responsible for keeping Opticians in business! If your natural lens is replaced, then you should not experience any significant shift in your spectacle requirement (or lack thereof) over the years. It is also, of course, impossible to develop cataracts in the future if you have had lens implant surgery.

Lens implant technology has improved.

Lens implants continue to evolve, although the basic design hasn’t altered much over the years. There are now lenses to suit even those with very high prescriptions and for those with significant astigmatism. Multifocal lenses have improved considerably since they were first used about 20 years ago.

People with very high prescriptions can be treated.

Laser surgery can only treat a certain amount of error, but lens implant surgery can cope with

almost all types and degrees of spectacle error. Bespoke lenses can be specially manufactured to treat those with very complex prescriptions. Lens surgery may be suitable for others for whom laser isn’t an option, such as those with dry eyes or corneal scarring.

In general, 95% of patients will have no problems at all either during or after surgery. Of the remaining 5%, most will only have minor problems that can either be dealt with at the time or will get better by themselves and do not affect the outcome of the surgery. Some however will need further treatment, including further surgery. 0.1% of patients (1 in every 1000) may have a problem that results in loss of vision.

The consultation is an excellent opportunity to discuss any aspect of the surgery.

At the consultation, your consultant will advise you on your suitability for lens surgery, and what can be achieved, and what can’t. Making sure that expectations are realistic is fundamental to success. The aim always is to get as good an outcome as possible, but it’s important to bear in mind that there is a degree of variation between individuals and that there is a small risk of complications, and as a result, not everyone will be 100% satisfied afterwards.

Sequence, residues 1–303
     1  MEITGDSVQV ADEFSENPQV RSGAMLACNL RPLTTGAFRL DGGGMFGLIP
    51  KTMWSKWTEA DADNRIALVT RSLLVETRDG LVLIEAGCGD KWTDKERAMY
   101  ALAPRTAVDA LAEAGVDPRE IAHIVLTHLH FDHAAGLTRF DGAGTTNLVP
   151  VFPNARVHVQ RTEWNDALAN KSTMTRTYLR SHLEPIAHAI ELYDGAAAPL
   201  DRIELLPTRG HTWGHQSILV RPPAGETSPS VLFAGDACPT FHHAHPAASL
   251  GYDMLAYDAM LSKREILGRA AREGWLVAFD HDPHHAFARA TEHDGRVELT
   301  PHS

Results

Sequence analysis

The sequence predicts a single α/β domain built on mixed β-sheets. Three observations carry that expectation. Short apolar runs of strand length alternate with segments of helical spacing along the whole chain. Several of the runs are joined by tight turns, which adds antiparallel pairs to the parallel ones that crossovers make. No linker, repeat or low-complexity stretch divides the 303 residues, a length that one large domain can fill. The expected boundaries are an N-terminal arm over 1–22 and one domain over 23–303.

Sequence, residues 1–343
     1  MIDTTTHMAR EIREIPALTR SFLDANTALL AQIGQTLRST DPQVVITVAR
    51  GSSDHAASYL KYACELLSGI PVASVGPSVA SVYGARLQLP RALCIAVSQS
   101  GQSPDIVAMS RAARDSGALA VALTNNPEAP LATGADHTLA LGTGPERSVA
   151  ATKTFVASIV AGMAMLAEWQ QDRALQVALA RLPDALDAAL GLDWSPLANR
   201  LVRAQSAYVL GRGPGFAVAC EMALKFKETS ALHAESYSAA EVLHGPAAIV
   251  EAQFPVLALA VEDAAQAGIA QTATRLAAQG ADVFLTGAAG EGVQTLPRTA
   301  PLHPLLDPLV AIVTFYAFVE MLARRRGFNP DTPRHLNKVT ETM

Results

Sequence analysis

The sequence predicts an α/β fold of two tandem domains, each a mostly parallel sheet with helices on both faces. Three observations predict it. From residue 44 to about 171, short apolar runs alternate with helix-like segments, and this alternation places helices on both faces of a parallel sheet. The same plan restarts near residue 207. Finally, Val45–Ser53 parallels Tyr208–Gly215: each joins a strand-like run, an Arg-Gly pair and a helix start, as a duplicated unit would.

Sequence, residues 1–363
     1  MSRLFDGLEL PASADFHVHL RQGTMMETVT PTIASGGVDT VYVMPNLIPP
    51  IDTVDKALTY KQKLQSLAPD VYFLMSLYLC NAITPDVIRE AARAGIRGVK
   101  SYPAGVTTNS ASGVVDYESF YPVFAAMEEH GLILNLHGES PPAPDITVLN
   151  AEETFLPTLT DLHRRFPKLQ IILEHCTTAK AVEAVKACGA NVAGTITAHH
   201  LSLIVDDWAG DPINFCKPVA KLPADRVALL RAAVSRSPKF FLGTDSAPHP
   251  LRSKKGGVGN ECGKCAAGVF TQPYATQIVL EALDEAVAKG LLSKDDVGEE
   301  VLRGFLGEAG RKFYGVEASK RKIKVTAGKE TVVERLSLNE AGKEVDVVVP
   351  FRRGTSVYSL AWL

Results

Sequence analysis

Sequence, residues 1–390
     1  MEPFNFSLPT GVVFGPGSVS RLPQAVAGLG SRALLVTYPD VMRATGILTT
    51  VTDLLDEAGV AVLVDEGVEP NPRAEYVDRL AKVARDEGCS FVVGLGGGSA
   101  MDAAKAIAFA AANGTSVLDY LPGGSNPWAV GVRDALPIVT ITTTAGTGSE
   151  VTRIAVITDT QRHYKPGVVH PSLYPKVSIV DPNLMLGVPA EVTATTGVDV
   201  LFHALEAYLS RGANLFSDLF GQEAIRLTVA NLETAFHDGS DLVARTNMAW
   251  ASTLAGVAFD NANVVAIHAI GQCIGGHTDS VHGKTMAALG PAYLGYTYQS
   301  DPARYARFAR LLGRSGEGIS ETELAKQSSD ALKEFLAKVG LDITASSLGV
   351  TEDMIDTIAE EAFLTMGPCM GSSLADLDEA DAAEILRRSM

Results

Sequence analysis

Most patients find that after surgery their unaided vision is significantly improved, although there may still be a small spectacle error present. If you wouldn’t be prepared to accept anything that’s less than perfect, then you would need to consider very carefully whether lens implant surgery is right for you or not.

There are 3 main types of lens implant:

An intra-ocular lens implant, or IOL, is an artificial lens that is precisely manufactured and engineered to go inside the eye. They come in a range of styles and strengths, and a key part of the consultation is deciding which type of lens would be the best to suit the requirements of the individual.

Lens technology has improved significantly since they were first conceived in the late 50’s. There are now lenses that can correct very high spectacle error, including astigmatism, and also correct vision for distance and near using multifocal optics.

Monofocal lenses

The consultant ophthalmologists use Aspheric lenses, which are designed to give the best quality vision. These would be suitable for patients who don’t mind wearing reading glasses, although often it is possible to offset the focus in one eye to allow ‘blended’ vision (often called monovision). This can work well, especially if this has already been experienced with contact lenses.

Multifocal lenses

These lenses are specially designed to provide multiple focal points for both distance and near vision, and some of the very latest lenses can provide intermediate vision as well. They are excellent for those who are very motivated to reduce reliance on reading glasses. They are generally very successful, but there is a degree of compromise. Some will notice glare and halos around lights, especially at night, and a small percentage will find these troublesome. These effects often improve with time.

Toric lenses

Both monofocal and multifocal lenses are available in a toric form. Toric lenses are designed to help astigmatism – the condition where your eye is shaped more like a rugby ball than a football. A small degree of astigmatism is extremely common and almost normal; higher degrees of astigmatism are treatable with toric implants but there may be a small amount of remaining spectacle error that requires correction with glasses.

You may be suitable if you are:

Realistic and well-informed about what can and can’t be achieved with lens implants.